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In anatomy as well as in medicine, the term ramus is often given to any branch or division that occurs in a blood vessel or nerve. This word is also used to describe a part of a bone that has an irregular shape but is considered to be thicker than the structure referred to as a process. Branches relating to fissures in the brain may also be called rami, which is the plural form of the word ramus.
The ramus of the mandible, also known as the mandibular ramus, is located on the lower jaw. There is one of these structures on each side of the jaw, or mandible. It sits just behind the lower teeth. In the event of periodontal disease, a ramus bone graft is sometimes performed so that dental implants can be placed in the mouth of the patient.
The superior pubic ramus is found on the pubic bone. Part of this ramus is flat, while the other part is shaped like a prism. The inferior pubic ramus is flat and is found directly below the superior pubic ramus. Both the superior and the inferior pubic rami are prone to fracture, particularly in the elderly. Hip replacement surgery sometimes becomes necessary in severe cases.
The dorsal branch of the spinal nerves are known as the dorsal rami. These branches, or divisions, supply nerves to the skin and muscles located in the trunk area of the body. The dorsal rami then branch into the ventral rami. When this area of the body becomes damaged, some amount of muscle functioning can be lost. It is also possible to lose some of the sensation, or feeling, in the affected areas.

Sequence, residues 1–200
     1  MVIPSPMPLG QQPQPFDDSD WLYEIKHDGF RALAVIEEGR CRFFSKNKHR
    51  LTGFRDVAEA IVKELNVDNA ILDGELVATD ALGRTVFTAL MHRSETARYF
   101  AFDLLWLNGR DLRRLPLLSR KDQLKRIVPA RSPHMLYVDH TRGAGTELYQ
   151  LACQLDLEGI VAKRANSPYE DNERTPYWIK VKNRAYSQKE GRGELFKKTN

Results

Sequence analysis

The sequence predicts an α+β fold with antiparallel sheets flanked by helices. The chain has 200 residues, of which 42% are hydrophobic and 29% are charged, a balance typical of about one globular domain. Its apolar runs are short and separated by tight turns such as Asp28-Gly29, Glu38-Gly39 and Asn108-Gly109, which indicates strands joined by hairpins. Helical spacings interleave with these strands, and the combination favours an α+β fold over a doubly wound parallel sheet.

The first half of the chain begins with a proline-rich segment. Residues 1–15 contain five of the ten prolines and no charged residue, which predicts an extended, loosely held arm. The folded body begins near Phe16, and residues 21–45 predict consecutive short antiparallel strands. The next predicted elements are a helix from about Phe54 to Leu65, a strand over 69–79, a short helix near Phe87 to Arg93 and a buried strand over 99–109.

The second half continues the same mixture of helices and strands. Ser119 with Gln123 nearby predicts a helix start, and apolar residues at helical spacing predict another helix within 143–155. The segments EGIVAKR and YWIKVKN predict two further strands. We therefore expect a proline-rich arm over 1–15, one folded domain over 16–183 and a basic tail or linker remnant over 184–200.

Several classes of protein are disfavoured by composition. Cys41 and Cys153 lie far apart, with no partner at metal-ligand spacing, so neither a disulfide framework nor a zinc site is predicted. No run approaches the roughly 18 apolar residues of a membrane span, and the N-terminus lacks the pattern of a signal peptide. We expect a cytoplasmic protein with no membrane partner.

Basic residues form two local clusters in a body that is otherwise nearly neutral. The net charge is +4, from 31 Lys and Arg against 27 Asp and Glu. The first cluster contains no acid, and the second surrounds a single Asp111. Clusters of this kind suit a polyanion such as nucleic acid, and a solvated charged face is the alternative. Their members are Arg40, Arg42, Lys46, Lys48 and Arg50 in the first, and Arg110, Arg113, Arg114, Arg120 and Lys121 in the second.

The ventral, or anterior, rami are responsible for the nerve supply to certain portions of the trunk as well as the limbs of the body. These rami then branch even further into the rami communicans. These rami work by connecting nerves to one another, most specifically between the sympathetic trunk and a spinal nerve. As is the case with the dorsal rami, some muscle movements or even nerve sensations can be compromised with damage to this area of the body.
In the heart, there are typically two main branches from the primary coronary artery on the left side. However, some people have a third branch coming from this artery. This extra branch is known as a ramus. It is also sometimes referred to as the optional diagonal coronary artery.
I suspect I'm going to have to have a hip replacement at some point in the future. I know that my mother is already being told that she's going to have to have one in the next few years.
And, for a while it seemed like that area, around the pelvic ramus, would start to ache whenever I did any kind of strenuous activity.
I think that it was mostly because I was overweight, and putting too much stress on my hips whenever I ran around too much.
Thankfully I've lost most of the weight now, but I suspect the damage is done. I don't think bones completely regenerate after being damaged.
I'll keep my fingers crossed and hope though.
@pleonasm - I've had the same problem. It seems to happen when I sit in bed too long, working on my laptop. I think the muscles there get compressed and start to get irritated.
I was told it can be particularly bad for people who grind their teeth at night. I'm glad I don't do that, but maybe that's why you get pain at odd times? If it happens in the morning, you might want to see about getting checked.
Putting stress on that area of the jaw is a bad idea. I find when it gets sore it can lead to toothache and headache and all kinds of things.
The ramus of my jaw, i.e. the mandible ramus, often seems to hurt. In fact, the first couple of times it hurt, I thought I had a tooth ache, and went in to the dentist.
He told me that some people just have a slightly odd shaped jaw there, and they can stress the ligaments and muscles so that they get inflammed. He told me I should never do things like chew gum, as that can make it worse.
It only seemed to happen once in a while, but it really hurts when it does.
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